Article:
Gunner Eby is at it again.
A man who holds more knowledge about small arms (and crew served weapons) in the tip of his pinky finger than most "experts" will learn in a lifetime, Chief Warrant Officer 5 Jeff Eby had one of his usual "couldn't care less what people think" conversations with my alma mater, Marine Corps Times, which ran with a story from him saying that H&K had won the competition for the Corps' Infantry Automatic Rifle.
Our friends at Soldier Systems piled on, saying they'd heard that shooters actually liked one of the Colt versions tested rather than the FN or HK ones.
I love Gunner Eby and have worked with him on stories in the past. He's a treasure for the Corps as an institution and a boon for reporters trying to cover it. He's a CWO5, so he's safely in place and couldn't care less what his commanders think about who he talks to or what he says. But he's an advisor, not the final decisionmaker.
So Syscom wrote me back a vaguely-worded email response to a query about all this, seemingly denying that the service had made a final decision on the IAR and stating only that the Corps had ordered "24 weapons" from an "existing contract" that was let back in December '08. That would most likely be the original contract to Colt, FN and HK for the IAR downselectees. They have not answered my follow up questions on which weapons (make and model) and whether, definitively, they have or have not decided on an IAR winner.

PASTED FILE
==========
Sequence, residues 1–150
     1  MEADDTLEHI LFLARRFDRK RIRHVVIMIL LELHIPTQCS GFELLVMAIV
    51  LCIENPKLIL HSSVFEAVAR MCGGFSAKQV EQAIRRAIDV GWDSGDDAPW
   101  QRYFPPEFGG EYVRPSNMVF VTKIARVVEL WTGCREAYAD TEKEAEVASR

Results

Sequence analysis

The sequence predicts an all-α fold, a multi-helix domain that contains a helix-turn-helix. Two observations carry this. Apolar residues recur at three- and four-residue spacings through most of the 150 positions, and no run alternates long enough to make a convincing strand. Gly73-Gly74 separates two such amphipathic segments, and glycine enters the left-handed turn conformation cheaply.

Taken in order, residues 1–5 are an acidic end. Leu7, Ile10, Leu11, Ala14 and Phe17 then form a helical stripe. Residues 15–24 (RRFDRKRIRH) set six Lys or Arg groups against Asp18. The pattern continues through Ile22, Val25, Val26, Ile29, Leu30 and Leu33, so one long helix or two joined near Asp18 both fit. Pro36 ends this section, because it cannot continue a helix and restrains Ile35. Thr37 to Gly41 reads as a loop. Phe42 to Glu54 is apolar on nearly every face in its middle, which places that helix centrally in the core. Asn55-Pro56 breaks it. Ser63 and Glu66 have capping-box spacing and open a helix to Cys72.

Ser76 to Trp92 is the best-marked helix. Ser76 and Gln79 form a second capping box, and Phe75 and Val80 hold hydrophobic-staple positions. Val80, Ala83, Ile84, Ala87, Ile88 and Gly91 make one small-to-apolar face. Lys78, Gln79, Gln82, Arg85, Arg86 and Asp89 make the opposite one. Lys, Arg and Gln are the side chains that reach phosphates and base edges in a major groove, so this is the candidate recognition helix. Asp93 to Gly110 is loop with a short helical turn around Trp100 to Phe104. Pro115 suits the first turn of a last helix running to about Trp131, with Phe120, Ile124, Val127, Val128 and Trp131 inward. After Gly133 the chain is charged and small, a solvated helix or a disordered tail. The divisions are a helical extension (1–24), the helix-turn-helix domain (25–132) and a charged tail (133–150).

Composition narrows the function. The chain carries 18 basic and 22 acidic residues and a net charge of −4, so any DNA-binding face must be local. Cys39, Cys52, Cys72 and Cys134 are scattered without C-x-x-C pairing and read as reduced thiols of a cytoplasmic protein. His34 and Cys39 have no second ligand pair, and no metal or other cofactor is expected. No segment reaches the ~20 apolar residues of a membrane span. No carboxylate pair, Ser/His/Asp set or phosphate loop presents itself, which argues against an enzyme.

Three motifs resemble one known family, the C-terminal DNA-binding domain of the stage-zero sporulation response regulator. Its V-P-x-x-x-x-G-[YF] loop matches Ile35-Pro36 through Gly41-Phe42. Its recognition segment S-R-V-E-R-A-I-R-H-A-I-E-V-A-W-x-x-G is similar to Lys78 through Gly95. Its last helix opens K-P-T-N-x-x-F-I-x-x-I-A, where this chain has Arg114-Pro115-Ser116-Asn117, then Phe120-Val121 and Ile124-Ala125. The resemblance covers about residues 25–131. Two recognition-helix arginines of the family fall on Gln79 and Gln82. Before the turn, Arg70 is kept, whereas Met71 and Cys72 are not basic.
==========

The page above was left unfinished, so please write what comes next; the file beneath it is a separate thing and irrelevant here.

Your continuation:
You could ask them yourself, maybe you'll have better luck.
This vagueness could also stem from the service's internal debate over whether to even go through with the IAR program. Loud voices within the Corps and the joint community argue against limiting a SAW gunner to 30 rounds, despite the weight boon from a rifle-style machine gun. Syscom seems less than enthusiastic about the program from the start, but one shouldn't read their incomprehensible responses (or total lack thereof) to questions about this program as emotional.
UPDATE: Just got an email from Syscom stating that the order was for 24 more HK 416s and that the Marine Corps is "still testing the IAR" whatever that means.-- Christian